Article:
Quick Notes - Day 7
All previous posts in this series here
Today’s theme: abstractive text summarization
TLDR: Extreme Summarization of Scientific Documents
Authors: Isabel Cachola, Kyle Lo, Arman Cohan, Daniel S. Weld
Published at: (may not be peer reviewed)ArXiv url
This paper introduces the task of (extreme) abstractive summarization of research articles. Abstract is already a summary, but also contains some information such as methodological details and stuff. The aim of this paper is to capture important aspects of the paper such as its main contributions. They created a dataset from openreview (which contains author written tldrs as well as reviewer version tldrs) built a tldr summarizer by tuning a BART model.
I find the idea of using openreview as dataset interesting, but I am not exactly as excited by the idea of creating such super short summaries for research papers. I feel it won’t serve any clear purpose that is not addressed by the abstract itself. I can’t envision a scenario where a human reader will read this tldr and get the idea. The authors write: “An alternative to abstracts, TLDRs of scientific papers leave out nonessential background or methodological details and capture the key important aspects of the paper, such as its main contributions.” - I don’t think those are non essential details. The paper’s key contributions can’t make any sense if methodology is flawed or if it just reinvents the wheel without being aware of related work or something like that.
I saw this paper mentioned in Import AI newsletter this week where there were exampls of poor output from this model. After seeing those, I felt the paper should have had some section with bad examples as well along with good ones, followed by some analysis of the model itself. So I was kind of frustrated towards the end.
Don’t Give Me the Details, Just the Summary! Topic-Aware Convolutional Neural Networks for Extreme Summarization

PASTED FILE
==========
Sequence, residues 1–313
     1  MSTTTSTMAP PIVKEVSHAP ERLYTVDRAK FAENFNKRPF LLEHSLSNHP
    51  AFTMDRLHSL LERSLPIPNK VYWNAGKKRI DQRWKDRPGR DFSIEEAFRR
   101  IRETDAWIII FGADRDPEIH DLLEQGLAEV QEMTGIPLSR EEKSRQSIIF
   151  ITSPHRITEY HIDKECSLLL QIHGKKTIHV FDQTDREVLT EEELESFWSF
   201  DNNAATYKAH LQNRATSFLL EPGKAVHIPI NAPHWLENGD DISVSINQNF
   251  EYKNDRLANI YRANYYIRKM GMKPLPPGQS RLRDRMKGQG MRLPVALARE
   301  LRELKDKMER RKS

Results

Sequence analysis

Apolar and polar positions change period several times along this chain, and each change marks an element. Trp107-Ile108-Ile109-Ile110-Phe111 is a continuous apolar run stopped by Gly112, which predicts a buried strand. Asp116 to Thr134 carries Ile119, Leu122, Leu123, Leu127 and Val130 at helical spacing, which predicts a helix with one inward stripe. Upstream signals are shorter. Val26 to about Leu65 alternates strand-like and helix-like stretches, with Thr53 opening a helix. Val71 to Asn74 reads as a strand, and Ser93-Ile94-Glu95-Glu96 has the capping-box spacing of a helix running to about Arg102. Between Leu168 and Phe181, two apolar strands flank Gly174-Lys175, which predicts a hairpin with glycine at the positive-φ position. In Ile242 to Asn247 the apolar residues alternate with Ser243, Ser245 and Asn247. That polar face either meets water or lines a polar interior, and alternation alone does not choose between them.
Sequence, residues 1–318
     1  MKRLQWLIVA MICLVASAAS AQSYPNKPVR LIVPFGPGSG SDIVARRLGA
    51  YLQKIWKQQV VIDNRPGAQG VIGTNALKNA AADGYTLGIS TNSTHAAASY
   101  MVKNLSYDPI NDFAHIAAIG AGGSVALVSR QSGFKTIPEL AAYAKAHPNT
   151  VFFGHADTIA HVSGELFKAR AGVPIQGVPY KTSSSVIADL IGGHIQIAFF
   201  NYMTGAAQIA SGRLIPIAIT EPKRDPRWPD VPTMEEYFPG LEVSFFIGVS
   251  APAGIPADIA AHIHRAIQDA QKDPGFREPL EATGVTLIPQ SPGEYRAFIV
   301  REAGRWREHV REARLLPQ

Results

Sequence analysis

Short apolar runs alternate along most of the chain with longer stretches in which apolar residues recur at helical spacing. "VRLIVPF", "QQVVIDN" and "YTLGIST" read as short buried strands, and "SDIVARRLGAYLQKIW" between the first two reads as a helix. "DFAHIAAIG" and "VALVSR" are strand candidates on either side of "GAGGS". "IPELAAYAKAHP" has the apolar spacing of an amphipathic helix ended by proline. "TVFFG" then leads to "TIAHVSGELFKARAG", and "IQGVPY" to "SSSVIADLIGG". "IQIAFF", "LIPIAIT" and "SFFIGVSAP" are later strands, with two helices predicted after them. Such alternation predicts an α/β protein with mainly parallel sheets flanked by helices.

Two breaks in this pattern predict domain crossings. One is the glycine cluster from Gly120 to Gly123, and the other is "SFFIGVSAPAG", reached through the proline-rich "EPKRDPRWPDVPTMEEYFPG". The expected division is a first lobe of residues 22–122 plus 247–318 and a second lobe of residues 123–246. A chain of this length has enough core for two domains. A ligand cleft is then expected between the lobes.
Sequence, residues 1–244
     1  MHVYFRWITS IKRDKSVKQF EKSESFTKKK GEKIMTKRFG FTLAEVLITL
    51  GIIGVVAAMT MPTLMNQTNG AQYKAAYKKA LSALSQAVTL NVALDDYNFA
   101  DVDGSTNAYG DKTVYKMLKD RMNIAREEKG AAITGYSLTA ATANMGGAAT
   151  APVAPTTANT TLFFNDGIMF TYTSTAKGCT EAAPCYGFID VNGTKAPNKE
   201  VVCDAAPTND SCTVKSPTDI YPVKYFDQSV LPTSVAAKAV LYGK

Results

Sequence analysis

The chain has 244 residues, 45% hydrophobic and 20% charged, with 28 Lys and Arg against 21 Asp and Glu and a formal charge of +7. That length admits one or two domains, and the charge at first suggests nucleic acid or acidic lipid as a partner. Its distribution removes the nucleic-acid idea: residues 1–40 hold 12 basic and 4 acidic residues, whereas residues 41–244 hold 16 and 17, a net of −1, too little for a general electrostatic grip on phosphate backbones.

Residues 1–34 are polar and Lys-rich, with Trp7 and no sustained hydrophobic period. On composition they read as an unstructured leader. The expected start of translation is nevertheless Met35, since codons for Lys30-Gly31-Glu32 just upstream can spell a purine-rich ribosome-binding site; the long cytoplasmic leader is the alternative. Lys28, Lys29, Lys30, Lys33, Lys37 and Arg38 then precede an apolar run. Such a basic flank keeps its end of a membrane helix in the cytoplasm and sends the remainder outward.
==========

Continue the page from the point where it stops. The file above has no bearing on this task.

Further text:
Authors: Shashi Narayan, Shay B. Cohen, Mirella Lapata
Published at: EMNLP 2018 url
This paper introduces the task of “extreme summarization” where the goal is to create a one sentence summary of a news article answering the question “What is this article about?”. In recent past, different variants of encoder-decoder architectures, RNNs etc became common methods for this kind of generation tasks. However, this paper instead uses an architecture entirely built on CNNs. They show with both automatic and human evaluations that this approach outperforms extractive summarization as well as other abstractive summarization approaches.
I came to this paper after reading the TLDR paper. Here too, I was fascinated by this idea, and for news domain, it actually made more sense, as such a summary could be a headline or the deck under it. However, even here, I wondered if all “what is this article about” questions can be answered meaningfully in one line. I would have loved to see a few examples of where one sentence summary was insufficient or the obtained summary was “bad” according to humans. Surely, these are all not perfect approaches, there have to be some such examples! I think some sort of model criticism should be made a part of all NLP papers!